After a visit to Hotel les Invalides and its surrounds pop into the popular Café de l’Esplanade nearby at 52 Rue Fabert (look out for the white awnings and white outdoor seating) for a little break before continuing your exploration of the 7th arrondissment.  This lovely café echoes the presence of the Invalides and its canons on display in its décor and design referencing canons and warfare – the chandeliers especially are made of repurposed canon balls.  While dining on some casual yet refined French fare with an Italian twist you may notice a movie star or two as it seems to be a favourite amongst actors, politicians, diplomats and generals.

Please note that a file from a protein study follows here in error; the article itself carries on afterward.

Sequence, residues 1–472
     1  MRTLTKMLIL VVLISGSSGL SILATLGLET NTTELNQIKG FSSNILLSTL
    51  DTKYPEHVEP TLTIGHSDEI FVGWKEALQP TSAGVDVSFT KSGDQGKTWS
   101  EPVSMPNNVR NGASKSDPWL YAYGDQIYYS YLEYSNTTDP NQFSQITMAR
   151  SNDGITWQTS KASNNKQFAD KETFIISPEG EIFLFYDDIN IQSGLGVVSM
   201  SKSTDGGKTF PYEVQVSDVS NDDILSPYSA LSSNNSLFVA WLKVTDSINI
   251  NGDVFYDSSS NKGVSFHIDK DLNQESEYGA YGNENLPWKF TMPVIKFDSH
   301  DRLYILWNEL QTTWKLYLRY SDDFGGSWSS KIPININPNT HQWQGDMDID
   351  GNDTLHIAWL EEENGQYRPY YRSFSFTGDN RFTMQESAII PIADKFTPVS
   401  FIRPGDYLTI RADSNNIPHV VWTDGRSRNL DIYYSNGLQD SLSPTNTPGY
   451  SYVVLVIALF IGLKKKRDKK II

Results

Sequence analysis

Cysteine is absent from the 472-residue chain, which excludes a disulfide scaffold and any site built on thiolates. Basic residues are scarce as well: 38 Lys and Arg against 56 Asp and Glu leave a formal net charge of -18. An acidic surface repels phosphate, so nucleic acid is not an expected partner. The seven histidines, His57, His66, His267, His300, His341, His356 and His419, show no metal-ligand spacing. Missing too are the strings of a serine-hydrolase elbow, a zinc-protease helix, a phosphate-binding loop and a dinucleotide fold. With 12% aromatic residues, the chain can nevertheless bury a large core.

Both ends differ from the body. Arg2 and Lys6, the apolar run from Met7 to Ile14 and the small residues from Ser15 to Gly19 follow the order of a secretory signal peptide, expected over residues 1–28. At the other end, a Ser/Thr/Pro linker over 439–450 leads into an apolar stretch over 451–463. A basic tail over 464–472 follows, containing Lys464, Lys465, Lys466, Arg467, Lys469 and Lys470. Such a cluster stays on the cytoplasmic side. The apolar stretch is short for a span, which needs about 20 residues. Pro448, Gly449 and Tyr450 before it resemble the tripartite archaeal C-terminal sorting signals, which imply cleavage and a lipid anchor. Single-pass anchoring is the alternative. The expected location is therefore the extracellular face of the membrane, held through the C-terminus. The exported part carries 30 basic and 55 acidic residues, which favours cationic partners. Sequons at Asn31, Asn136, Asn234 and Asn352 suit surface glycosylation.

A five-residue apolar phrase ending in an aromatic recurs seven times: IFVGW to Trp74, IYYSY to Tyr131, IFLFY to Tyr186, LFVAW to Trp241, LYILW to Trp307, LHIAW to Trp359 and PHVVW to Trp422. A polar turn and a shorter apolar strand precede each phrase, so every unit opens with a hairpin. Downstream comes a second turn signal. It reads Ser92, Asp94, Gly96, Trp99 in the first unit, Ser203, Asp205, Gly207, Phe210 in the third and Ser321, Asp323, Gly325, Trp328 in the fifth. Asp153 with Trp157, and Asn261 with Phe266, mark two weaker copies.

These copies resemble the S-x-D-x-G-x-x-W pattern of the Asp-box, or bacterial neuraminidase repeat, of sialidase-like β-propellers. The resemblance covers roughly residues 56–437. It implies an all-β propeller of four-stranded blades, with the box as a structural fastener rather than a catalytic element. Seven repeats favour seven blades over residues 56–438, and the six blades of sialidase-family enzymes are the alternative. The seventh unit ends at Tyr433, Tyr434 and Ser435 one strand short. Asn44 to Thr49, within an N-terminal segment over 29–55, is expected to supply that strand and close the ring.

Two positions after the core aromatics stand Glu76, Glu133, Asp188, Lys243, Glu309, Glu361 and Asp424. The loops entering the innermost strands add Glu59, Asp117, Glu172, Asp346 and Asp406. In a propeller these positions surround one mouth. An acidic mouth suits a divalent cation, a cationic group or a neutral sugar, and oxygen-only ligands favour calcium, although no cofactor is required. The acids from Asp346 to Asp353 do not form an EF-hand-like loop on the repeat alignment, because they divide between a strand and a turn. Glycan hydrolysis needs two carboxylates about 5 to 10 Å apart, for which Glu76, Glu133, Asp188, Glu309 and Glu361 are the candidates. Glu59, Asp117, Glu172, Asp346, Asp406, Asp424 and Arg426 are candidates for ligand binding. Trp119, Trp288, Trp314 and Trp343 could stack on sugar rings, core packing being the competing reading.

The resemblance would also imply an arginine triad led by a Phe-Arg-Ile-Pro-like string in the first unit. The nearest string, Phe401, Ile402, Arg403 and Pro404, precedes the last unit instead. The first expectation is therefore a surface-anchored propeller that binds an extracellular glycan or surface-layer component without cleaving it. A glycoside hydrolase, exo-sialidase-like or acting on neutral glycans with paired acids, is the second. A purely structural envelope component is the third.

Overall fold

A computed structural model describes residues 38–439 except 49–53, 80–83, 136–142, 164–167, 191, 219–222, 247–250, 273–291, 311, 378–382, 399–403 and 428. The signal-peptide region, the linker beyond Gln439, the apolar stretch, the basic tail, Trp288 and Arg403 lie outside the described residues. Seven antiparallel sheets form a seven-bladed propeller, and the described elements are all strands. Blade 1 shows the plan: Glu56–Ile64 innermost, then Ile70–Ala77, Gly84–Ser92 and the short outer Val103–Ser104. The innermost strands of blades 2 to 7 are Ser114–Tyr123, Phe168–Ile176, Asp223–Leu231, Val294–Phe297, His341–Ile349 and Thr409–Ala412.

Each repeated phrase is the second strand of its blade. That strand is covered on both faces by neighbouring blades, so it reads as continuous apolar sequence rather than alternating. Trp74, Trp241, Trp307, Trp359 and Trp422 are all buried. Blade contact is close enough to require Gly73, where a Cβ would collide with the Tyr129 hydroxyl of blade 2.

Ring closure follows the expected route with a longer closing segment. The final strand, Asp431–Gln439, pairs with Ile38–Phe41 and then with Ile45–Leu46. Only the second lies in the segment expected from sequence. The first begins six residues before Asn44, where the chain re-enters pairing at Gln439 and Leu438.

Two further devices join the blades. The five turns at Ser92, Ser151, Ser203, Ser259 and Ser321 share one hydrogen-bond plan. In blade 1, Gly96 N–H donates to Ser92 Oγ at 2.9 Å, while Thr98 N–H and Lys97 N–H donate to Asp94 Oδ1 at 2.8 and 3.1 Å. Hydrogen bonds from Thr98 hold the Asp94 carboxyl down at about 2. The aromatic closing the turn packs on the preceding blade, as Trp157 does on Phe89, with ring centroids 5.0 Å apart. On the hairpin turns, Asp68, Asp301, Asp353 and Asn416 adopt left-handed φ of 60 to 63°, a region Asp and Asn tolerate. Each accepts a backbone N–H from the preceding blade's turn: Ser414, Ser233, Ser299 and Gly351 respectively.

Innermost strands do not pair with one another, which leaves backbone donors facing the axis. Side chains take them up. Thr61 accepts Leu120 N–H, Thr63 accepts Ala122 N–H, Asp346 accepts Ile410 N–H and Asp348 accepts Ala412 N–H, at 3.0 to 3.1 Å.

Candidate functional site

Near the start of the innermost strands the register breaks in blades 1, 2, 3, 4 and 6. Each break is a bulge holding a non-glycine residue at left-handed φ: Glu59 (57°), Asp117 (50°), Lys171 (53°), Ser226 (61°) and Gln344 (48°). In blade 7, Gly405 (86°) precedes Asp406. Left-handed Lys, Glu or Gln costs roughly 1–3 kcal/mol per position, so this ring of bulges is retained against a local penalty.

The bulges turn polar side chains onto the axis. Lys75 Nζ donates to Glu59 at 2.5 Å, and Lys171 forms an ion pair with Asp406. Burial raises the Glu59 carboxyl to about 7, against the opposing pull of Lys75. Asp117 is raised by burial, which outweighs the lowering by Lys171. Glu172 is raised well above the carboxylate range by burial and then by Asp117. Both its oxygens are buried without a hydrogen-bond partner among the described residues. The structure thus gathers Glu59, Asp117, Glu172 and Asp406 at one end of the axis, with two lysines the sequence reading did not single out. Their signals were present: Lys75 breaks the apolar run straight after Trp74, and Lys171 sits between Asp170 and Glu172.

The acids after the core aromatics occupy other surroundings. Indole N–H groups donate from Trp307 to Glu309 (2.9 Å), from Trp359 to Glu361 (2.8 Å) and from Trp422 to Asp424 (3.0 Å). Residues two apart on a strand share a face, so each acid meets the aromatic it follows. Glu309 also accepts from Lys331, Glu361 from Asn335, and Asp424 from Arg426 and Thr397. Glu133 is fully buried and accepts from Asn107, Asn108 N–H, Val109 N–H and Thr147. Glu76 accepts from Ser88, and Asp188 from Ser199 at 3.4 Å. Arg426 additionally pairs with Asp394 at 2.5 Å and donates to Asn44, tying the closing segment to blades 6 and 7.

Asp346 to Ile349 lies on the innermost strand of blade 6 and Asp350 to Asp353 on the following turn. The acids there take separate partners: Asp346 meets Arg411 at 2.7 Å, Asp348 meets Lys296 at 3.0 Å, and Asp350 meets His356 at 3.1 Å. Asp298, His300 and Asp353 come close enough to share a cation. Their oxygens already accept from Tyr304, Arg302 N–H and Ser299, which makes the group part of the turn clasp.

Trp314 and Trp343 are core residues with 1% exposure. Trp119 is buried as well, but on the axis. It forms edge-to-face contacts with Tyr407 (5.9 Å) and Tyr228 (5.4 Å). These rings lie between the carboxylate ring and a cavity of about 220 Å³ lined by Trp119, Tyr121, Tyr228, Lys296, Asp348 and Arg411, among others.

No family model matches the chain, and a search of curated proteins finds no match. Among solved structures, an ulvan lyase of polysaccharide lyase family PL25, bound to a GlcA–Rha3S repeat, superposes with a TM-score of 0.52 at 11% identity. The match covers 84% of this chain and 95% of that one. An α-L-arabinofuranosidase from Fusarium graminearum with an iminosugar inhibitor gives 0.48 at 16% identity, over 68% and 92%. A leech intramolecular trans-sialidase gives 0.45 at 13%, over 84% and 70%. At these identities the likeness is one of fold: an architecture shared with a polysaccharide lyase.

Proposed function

After enjoying a satisfying lunch or dinner with some amazing views from the Café de L’Esplanade windows, you can comfortably walk to the National Assembly also known as The Palais Bourbon, and has housed the national assembly – the lower house of the French Parliament since 1798.  The commanding and magnificent Palais Bourbon was built in 1726 in honour of Louis XIV daughter of Louise-Francoise and his beloved mistress Madame Montespan.  If you take an interest in politics and political debates you can buy tickets online at the National Assembly’s website to sit in the public audience section.  However, be warned of the strict rules and protocol before entering as even the slightest noise will have you escorted out by security guards.   If art and sculpture is more of your thing then head towards Quai d’Orsay for the not be missed Musee d’Orsay and Musee Rodin on Rue de Varrenne that are all nearby.